Southfield, Michigan – An auto parts supplier based in Markham, Ontario has won an appeal upholding a US$10 million jury award levied against another parts supplier regarding the production of components for Chrysler vehicles.

Markham-based Multimatic, Inc. had been awarded the verdict over French-based Faurecia Interior Systems USA for the breach of a confidentiality agreement. The U.S. Court of Appeals for the Sixth Circuit has affirmed the award.

The lawsuit involved the supply of cross-car beams for the Chrysler Stratus and Sebring models. Chrysler awarded Faurecia the supply of the instrument panel. In turn, Faurecia asked Multimatic to design the cross-car beam that runs under the panel. Multimatic designed and developed the beam on the understanding that it would be the production source.

Before disclosing its proprietary design, Multimatic demanded that Faurecia sign a confidentiality agreement to protect the intellectual property and technology inherent in the design. The lawsuit said that Faurecia signed the agreement in February 2004, but in April 2005, it secretly took the design to market for a bid from Multimatic’s competitors, in violation of the terms of the agreement. After receiving quotes from other companies, Faurecia demanded that Multimatic lower its price to produce the beam, and asked for $200,000 as an “entry ticket” to supply the parts to Faurecia. When Multimatic refused, Faurecia gave the design to a competitor, awarding it the production purchase order for the Sebring contract. It was this act, and Multimatic’s resulting loss of profits on the order, that the jury punished.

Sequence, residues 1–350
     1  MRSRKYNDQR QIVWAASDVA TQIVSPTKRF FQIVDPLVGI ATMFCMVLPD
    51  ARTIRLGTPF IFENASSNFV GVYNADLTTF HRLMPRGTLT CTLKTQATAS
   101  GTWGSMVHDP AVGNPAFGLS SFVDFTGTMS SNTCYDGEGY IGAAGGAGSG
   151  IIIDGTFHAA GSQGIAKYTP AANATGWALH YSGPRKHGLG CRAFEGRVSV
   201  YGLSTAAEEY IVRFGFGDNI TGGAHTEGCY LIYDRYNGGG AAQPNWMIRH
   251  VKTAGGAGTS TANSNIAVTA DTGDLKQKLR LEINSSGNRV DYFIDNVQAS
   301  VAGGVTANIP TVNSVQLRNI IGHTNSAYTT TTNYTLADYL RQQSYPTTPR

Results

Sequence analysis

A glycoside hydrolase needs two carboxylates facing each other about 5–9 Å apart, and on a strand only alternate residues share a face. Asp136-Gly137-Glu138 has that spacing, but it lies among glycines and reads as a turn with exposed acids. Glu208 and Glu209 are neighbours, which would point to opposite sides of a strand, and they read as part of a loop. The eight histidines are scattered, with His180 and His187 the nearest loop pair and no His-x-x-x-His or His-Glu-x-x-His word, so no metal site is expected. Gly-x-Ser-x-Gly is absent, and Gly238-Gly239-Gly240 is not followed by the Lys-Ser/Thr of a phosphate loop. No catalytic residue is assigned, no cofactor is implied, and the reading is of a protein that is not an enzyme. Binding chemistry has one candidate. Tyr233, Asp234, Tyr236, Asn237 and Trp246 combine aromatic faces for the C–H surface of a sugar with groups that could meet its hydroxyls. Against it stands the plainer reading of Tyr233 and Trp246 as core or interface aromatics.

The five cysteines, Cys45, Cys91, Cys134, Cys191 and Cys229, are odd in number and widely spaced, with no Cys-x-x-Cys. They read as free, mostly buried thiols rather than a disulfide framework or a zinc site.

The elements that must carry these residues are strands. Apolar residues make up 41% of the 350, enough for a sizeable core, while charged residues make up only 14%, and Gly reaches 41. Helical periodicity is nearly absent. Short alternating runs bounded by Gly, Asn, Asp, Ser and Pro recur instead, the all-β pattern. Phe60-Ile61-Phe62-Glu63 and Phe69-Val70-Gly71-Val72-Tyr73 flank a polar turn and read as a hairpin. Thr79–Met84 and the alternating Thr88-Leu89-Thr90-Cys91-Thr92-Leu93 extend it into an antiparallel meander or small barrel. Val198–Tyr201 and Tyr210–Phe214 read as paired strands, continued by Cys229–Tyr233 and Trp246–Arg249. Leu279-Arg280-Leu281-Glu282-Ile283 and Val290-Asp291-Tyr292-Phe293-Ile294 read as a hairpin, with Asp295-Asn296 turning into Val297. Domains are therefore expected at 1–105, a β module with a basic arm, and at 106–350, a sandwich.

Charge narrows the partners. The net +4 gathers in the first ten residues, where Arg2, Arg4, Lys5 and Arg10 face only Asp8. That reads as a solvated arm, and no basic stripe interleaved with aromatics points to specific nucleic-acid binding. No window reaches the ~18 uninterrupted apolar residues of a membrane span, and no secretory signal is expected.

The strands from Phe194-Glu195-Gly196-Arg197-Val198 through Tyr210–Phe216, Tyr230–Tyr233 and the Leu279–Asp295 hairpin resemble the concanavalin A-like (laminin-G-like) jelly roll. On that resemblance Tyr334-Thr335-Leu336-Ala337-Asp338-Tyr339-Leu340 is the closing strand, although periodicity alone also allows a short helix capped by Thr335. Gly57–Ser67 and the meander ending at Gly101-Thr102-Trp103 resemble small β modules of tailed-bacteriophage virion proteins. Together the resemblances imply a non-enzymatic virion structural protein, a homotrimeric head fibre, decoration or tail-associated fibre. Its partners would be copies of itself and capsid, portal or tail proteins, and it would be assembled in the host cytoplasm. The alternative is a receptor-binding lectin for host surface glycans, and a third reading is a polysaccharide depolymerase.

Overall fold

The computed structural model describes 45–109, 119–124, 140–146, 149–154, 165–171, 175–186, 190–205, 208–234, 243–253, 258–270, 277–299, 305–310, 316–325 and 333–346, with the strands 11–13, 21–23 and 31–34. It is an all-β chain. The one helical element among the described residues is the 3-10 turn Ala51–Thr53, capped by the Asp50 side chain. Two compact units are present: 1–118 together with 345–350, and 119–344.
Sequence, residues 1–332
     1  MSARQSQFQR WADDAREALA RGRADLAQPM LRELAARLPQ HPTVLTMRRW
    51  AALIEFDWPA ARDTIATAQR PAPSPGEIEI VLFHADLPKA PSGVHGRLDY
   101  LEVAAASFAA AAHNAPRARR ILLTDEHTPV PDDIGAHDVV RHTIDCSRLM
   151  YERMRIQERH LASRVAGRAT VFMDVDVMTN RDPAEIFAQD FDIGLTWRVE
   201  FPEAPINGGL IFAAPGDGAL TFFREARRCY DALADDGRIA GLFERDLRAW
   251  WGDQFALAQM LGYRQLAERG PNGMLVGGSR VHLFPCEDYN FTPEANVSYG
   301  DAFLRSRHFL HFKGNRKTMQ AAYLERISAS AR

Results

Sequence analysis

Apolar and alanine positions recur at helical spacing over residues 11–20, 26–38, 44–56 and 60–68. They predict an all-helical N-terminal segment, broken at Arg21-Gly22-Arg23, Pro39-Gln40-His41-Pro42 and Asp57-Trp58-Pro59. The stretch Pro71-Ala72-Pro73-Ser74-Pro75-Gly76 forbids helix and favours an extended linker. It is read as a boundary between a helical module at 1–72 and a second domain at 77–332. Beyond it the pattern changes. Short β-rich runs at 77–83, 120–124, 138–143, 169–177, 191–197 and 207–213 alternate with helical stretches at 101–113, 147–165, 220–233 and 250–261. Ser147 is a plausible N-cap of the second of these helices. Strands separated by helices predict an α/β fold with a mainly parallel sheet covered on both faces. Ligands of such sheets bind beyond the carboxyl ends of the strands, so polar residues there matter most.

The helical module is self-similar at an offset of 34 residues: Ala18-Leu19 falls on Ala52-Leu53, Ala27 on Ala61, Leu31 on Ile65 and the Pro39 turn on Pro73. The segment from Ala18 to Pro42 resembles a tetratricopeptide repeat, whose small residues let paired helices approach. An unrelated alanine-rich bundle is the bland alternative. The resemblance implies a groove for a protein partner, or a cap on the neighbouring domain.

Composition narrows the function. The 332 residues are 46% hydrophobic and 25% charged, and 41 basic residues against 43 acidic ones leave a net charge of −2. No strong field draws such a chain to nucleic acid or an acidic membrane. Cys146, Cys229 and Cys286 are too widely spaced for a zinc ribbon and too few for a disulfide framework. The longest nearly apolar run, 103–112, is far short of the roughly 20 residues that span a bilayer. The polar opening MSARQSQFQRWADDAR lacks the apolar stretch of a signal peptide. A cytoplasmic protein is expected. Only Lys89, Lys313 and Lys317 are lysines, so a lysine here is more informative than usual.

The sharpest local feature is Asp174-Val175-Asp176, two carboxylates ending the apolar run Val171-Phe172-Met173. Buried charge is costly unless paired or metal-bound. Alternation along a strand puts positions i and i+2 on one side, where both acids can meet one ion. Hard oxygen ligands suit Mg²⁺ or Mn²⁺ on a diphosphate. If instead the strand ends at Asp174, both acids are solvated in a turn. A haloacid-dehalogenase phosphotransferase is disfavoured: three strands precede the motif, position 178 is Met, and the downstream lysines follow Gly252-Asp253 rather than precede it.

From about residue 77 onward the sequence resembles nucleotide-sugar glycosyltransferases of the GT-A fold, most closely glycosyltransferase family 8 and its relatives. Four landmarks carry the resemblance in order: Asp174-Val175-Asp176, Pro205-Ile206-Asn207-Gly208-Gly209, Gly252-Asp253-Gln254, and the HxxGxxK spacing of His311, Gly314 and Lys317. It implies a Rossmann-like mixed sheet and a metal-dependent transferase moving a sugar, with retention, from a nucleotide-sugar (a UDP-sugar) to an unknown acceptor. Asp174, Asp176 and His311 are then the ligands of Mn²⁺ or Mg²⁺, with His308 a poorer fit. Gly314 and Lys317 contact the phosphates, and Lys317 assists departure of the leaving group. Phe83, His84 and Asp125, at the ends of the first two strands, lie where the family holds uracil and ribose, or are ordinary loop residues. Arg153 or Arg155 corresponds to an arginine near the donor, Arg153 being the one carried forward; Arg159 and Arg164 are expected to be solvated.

In September 2007, the case was tried before a jury, which asked for $9,981,821 for Multimatic’s lost profits.

“This decision is a multi-million-dollar reminder about the perils of stealing valuable intellectual property,” said Steven Susser, Multimatic’s attorney. “The court has affirmed that theft is theft, whether it be a $10 million Picasso or a $10 million idea.”

The U.S. Court of Appeals affirmed the verdict, and said that Multimatic was entitled both to damages for the work it actually performed, and for the loss of profits it would have earned had it been awarded the Chrysler purchase order.

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